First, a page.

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New Generation Thinking

26 Jun, 2012
Dr Matthew Smith, Wellcome Trust Research Fellow

Dr Matthew Smith

Dr Matthew Smith is a Wellcome Trust Research Fellow at the University of Strathclyde and works in the Centre for the Social History of Health and Healthcare, Glasgow. He was recently named as a ‘New Generation Thinker’ by BBC Radio 3. Here, he reflects on what he aims to achieve through the scheme and the importance of sharing research with as wide an audience as possible.

Many years ago, I volunteered as a DJ on university radio in Edmonton, Alberta. My programme ran Sunday mornings from 6 to 8am, and it is safe to say that it won’t go down in the annals of radio history. I typically scrambled into the cellar of a studio with seconds to spare, hastily selecting some music from the library on the way, and then proceeded to spend the next two hours trying to master the equipment, avoid dead air and not say anything too terribly daft. I wasn’t always successful.

Most of the time, I figured that my audience consisted of, well, myself, a perception which did little for my on-air professionalism. But every now and then, a listener would call in and, much to my amazement, thank me for playing a track they had never heard before. It was a wonderful feeling and it helped me get up at the crack of dawn to do it all over again.

My thoughts strayed back to these radio days when I was named a BBC Radio 3 New Generation Thinker a few weeks ago. The initiative, supported by the Arts and Humanities Research Council, is intended to give scholars in the arts and humanities the opportunity to convey their research to a general audience through radio programmes such as Night Waves, television documentaries and Radio 3’s Free Thinking Festival. The ten of us selected will be paired with Radio 3 producers to learn the tricks of the broadcasting trade, and to transform our ideas into radio gold.

For me, the return to radio will be much more than a chance to build upon my humble broadcasting origins, it’s an opportunity to do something about which I am passionate: bringing my research to a wider audience. As a medical historian funded by the Wellcome Trust, I consider it part of my job to disseminate my research findings not only to other historians, but also to people connected to the topics I investigate. I am a firm believer that good medical history has the ability to inform medical opinion, empower patients and improve health policy. As such, I have written pieces on the histories of food allergy and attention deficit hyperactivity disorder (ADHD), for example, aimed at psychologists, nutritionists and teachers, as well as my fellow historians. With the help of Radio 3, I will be able to reach out to a much larger audience. Who knows who might be listening?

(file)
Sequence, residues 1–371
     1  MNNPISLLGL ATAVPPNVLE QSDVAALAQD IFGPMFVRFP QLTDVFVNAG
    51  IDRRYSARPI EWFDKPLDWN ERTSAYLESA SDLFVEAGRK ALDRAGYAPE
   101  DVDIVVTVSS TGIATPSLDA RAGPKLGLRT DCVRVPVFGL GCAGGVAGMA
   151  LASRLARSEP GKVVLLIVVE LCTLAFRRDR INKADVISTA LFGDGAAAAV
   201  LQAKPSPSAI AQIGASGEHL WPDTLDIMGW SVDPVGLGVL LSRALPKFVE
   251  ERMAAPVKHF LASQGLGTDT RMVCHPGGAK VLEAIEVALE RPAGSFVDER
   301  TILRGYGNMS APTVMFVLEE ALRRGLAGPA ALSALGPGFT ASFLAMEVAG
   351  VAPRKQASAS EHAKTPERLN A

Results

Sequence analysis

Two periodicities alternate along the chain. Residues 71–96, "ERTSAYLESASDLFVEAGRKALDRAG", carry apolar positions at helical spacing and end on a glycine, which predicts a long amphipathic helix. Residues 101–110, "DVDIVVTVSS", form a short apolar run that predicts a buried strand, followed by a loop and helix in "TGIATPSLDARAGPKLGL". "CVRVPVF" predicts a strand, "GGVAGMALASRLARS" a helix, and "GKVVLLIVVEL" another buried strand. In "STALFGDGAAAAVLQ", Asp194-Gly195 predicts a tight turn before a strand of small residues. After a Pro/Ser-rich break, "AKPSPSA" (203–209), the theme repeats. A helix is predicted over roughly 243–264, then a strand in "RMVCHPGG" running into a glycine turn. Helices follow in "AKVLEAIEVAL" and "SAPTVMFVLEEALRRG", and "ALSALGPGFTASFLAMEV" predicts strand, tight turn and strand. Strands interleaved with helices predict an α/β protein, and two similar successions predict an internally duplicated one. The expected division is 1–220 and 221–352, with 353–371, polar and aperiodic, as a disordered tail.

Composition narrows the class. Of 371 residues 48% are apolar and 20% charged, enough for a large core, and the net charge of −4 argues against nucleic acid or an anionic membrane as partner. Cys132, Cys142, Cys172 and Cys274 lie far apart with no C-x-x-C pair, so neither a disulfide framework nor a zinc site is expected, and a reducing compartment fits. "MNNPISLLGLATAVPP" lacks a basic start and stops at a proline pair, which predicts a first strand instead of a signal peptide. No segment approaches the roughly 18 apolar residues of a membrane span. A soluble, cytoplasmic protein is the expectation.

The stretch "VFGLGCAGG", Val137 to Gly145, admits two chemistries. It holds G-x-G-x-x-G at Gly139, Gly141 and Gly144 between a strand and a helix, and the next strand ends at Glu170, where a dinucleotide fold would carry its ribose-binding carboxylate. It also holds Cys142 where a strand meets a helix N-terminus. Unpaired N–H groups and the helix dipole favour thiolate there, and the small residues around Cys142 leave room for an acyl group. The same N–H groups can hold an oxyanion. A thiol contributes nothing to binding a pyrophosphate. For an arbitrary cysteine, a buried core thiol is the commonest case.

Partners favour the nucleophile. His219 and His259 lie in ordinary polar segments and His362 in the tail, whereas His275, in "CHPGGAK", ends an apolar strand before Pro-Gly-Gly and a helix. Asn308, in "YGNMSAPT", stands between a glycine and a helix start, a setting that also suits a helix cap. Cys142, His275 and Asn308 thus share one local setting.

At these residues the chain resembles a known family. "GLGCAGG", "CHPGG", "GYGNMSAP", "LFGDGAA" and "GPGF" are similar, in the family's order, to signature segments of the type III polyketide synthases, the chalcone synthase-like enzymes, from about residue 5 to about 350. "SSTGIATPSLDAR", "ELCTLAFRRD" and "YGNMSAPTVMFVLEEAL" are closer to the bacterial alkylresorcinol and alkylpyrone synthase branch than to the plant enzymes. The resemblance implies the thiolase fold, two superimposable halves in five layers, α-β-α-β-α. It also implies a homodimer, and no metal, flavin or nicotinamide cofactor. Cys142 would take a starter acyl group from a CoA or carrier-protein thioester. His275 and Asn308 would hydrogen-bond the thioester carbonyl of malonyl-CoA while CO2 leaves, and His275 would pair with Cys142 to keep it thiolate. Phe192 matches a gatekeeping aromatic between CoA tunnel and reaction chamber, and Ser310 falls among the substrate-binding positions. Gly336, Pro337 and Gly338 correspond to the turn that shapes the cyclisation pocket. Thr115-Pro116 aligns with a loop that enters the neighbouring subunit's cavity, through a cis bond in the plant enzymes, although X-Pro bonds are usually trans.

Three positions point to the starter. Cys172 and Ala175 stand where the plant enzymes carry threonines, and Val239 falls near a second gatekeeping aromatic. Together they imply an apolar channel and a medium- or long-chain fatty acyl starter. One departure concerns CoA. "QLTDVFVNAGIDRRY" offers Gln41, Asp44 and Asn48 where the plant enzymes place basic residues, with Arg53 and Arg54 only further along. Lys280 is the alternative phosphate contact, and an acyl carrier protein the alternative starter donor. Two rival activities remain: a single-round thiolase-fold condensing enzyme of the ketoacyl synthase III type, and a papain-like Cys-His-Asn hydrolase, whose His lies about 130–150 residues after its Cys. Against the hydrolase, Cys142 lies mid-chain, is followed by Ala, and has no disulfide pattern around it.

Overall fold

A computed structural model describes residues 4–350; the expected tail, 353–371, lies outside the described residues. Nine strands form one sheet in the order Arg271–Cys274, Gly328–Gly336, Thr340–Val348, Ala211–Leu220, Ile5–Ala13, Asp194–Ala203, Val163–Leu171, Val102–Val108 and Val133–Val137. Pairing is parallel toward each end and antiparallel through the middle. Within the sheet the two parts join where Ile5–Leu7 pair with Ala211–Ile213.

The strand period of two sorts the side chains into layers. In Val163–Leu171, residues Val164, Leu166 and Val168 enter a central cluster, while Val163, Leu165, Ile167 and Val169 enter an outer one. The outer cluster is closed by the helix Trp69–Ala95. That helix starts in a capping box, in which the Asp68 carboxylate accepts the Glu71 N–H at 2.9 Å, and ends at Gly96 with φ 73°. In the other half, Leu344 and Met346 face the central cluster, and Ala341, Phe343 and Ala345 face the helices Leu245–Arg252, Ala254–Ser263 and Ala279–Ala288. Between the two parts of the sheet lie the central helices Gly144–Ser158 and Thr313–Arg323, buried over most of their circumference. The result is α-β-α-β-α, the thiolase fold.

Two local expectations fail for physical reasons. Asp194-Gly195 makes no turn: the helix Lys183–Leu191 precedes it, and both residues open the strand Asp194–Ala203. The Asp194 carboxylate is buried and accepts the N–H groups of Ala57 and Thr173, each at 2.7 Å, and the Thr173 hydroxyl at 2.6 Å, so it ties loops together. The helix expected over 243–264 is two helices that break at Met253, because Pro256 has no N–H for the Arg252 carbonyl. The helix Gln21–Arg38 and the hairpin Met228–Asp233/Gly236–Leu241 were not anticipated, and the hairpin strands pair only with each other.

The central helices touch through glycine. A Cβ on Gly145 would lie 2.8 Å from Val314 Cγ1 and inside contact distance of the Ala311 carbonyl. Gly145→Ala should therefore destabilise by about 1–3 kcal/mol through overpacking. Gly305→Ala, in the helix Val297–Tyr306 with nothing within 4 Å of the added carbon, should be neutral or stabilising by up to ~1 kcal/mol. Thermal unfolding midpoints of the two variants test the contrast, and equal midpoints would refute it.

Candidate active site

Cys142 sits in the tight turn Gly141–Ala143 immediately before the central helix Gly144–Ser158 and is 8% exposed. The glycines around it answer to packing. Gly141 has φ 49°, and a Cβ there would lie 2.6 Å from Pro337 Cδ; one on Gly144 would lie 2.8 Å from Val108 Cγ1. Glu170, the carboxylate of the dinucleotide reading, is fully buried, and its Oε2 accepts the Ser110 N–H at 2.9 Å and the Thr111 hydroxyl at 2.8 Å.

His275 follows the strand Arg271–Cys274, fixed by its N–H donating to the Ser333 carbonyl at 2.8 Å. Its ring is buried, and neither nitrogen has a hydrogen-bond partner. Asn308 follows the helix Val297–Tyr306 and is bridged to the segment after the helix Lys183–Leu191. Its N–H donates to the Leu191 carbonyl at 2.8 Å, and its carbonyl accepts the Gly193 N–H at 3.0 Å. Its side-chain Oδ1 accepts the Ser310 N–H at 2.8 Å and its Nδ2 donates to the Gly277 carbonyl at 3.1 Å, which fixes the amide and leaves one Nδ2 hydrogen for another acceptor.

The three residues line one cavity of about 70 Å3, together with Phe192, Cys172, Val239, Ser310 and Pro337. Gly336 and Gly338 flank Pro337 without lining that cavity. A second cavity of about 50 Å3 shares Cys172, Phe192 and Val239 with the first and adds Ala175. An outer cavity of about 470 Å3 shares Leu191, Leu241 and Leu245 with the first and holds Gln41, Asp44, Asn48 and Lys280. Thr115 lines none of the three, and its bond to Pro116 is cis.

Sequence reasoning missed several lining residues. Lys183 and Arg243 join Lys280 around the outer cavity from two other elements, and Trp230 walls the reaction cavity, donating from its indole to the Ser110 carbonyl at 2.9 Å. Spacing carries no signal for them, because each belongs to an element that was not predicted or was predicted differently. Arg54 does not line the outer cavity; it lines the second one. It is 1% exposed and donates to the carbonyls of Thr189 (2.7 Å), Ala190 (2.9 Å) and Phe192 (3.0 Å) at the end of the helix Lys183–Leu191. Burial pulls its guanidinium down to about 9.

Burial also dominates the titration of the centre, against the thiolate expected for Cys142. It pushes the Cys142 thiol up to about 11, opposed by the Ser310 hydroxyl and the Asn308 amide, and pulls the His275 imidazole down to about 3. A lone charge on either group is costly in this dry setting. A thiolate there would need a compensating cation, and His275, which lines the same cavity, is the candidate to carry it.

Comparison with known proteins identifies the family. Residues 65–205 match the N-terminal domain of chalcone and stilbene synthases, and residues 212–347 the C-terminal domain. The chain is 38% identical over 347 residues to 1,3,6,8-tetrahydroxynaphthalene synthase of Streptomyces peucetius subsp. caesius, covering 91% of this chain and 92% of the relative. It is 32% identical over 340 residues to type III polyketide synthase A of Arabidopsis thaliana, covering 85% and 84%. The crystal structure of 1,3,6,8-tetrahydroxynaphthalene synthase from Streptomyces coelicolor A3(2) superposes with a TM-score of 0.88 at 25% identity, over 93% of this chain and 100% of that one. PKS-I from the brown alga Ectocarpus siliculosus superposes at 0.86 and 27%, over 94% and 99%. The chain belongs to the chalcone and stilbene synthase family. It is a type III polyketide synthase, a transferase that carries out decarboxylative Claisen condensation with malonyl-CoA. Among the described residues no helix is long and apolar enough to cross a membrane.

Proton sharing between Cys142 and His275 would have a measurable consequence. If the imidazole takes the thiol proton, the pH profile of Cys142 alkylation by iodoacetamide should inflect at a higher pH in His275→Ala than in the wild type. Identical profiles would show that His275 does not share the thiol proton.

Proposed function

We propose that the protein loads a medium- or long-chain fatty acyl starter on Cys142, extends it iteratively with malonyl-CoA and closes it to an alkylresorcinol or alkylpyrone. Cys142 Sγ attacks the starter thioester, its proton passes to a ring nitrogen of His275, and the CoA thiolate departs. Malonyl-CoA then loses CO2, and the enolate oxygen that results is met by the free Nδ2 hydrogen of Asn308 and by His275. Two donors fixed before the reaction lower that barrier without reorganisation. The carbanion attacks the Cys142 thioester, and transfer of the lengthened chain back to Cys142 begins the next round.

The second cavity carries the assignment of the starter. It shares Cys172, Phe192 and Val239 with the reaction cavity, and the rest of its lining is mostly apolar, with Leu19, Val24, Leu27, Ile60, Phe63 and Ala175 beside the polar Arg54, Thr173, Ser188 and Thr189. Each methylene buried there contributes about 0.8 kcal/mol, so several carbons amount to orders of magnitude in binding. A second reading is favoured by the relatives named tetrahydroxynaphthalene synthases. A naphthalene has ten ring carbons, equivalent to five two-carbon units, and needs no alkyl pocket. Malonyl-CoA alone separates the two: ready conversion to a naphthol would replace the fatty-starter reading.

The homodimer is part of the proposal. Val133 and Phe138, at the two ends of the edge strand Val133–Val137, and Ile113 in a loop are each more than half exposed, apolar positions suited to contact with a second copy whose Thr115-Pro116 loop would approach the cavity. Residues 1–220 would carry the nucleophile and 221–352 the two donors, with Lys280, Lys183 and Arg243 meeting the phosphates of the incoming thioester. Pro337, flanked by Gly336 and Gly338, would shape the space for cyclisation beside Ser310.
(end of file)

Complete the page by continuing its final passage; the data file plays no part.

My first Night Waves broadcast, on the 25th of June, was about the history of ADHD, specifically, the link between the Cold War and the emergence of the childhood disorder. As my producer and I worked on the script, she urged me to be more direct with my language and to distil what amounts to a great deal of research into a few pithy sentences. Such straightforwardness is not always comfortable for historians such as myself, but it is good advice. If we want to have an impact on the wider world, how we communicate our ideas is nearly as important as the ideas themselves. It’s a lesson I hope I learn well during my year as a New Generation Thinker.

You can listen to Monday night’s edition of Night Waves on the BBC iPlayer – Matt’s piece starts around 27 minutes in.

2 Comments leave one →
  1. Ida Milne permalink
    2 Jul, 2012 3:39 pm

    Well done, Matthew, and they picked the right person to be a pioneer in the field of communicating medical history to the masses!

Trackbacks

  1. Food allergy and hyperactivity: histories of medical controversy « Wellcome Trust Blog

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